He did not hesitate to justify party men hacking a school teacher, who belonged to the Rashtriya Swayamsevak Sangh, in front of his pupils. He saw nothing wrong in burning to death the snakes of Pappinassery to settle scores with M. V. Raghavan. There was really no need for a person who demonstrated such loyalty to the party to quarrel with the party leadership. Yet he quarrelled. It was the feeling that the party was on the wrong track that led to it.
An organization must change with the times. The CPI (M) could not make timely changes because party minds had remained frozen at some point in the past. The political gains made by the leadership through tactical moves at a time when Kerala society was sliding backwards enabled the party to hide this fact. In the absence of any adversary with a modern face, this weakness did not become a big problem.

Pinarayi Vijayan entered the scene as a leader capable of leading the way for changes as a time when the need for changes was being recognized increasingly by the party and the public. But he soon came to symbolize the wrong kind of changes. Both friends and foes made their contributions to the transformation of his image in this manner. It was M. N. Vijayan’s role in this matter that prompted Pinarayi Vijayan to state that he was a fierce foe of the party in his last days.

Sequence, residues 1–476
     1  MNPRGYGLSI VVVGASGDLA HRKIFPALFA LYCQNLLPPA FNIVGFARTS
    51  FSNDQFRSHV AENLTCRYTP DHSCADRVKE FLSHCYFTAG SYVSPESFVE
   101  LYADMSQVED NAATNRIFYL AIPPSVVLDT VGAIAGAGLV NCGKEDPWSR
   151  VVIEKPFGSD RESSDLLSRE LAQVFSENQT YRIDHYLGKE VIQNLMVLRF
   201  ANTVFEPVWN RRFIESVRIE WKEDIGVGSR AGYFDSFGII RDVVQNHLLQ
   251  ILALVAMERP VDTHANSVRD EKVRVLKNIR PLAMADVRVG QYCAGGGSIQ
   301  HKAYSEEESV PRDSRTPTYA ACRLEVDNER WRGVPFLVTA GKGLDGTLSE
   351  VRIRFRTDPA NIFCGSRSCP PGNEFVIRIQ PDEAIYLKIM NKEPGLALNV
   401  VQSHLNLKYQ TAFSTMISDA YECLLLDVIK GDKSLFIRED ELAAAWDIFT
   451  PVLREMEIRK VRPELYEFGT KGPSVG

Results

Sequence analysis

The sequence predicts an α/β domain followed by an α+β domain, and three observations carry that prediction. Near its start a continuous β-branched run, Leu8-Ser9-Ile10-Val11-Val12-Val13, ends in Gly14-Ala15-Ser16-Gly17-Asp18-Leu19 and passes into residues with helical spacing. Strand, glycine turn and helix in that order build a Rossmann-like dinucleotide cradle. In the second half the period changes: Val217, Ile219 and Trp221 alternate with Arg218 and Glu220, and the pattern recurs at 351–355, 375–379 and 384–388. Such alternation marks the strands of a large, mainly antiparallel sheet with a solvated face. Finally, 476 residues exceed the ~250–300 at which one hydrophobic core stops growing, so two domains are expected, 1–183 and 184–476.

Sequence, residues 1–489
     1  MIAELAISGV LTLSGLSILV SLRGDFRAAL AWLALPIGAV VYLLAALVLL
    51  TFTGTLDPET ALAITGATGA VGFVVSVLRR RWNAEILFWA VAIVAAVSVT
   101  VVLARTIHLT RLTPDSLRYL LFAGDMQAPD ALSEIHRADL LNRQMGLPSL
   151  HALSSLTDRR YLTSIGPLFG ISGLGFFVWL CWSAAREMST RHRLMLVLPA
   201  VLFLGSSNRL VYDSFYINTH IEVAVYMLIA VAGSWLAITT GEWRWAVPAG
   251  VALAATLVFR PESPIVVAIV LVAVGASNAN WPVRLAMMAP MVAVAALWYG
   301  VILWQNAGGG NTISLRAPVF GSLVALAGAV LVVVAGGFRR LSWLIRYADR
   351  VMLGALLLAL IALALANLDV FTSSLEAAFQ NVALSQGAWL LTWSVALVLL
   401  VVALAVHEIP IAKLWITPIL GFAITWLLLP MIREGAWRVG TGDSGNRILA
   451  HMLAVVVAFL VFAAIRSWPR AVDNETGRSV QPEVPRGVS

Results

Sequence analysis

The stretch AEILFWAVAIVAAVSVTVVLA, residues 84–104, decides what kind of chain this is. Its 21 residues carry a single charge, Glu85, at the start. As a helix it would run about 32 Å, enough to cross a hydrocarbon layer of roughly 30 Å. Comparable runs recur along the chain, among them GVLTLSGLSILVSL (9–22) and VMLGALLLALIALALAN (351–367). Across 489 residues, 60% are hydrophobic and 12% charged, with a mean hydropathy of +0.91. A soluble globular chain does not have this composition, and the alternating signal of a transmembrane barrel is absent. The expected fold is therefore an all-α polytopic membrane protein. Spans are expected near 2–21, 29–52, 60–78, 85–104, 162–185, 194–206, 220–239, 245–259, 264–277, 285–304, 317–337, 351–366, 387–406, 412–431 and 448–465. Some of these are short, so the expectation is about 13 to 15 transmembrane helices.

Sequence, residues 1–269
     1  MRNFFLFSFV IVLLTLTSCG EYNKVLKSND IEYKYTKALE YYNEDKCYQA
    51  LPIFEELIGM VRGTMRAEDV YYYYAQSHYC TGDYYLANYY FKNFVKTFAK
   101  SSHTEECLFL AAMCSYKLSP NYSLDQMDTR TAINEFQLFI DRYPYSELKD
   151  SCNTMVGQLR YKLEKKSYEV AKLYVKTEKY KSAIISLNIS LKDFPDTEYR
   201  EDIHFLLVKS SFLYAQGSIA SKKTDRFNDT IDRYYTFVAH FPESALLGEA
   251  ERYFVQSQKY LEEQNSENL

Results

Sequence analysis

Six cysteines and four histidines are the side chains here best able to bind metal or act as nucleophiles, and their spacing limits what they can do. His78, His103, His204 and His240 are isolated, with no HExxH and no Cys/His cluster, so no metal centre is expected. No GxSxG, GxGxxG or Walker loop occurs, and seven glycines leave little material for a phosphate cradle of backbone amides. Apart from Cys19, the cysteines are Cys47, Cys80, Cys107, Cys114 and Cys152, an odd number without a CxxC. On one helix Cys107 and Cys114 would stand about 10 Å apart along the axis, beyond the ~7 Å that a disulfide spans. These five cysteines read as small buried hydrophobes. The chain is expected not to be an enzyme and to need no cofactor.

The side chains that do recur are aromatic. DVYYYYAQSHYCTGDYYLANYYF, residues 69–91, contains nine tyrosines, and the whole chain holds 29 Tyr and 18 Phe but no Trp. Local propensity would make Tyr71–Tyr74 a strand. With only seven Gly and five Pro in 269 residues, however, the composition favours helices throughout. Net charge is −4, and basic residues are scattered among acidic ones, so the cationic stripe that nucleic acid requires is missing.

M. N. Vijayan’s charges against the party leadership conveyed the impression that he wanted the party to remain unchanged. But, essentially, what he raised was a moral issue, not an ideological one. His quarrel was against the moral decline at the leadership level. Since he was not a party member, the leadership could not contain his revolt by expelling him or demoting him to a lower committee.

When he was a friend of the party, M. N. Vijayan could easily have got any post and position it could offer. But he did not become an Ezhuthachchhan Award winner, an academy chairman or a vice-chancellor. Because of that, he remains high above those who received such rewards.

M. N. Vijayan departed after winning a battle. He realized that it was not the final battle and went to the Press Club of Thrissur to sound the bugle for the next battle. Though he is no more, the war goes on. Hence the party leadership’s eagerness to pull him down from the high place that he had reached during his lifetime, drag him to his old college and tie him down there.

M. N. Vijayan’s revolt and the party's response to it have circumscribed left-wing thought in such a way that it looks as though Stalinism and capitalism are the only alternatives before us. This betrays the intellectual limit of those engaged in debates here. We must be able to understand that there are various possibilities outside them and explore them. In trying to figure out which Vijayan will finally win, we must keep in mind these words of M. N. Vijayan: political effect is the decisive factor; persona does not matter.
Based on column “Nerkkazhcha” appearing in Kerala Kaumudi dated October 12, 2007

1 comment: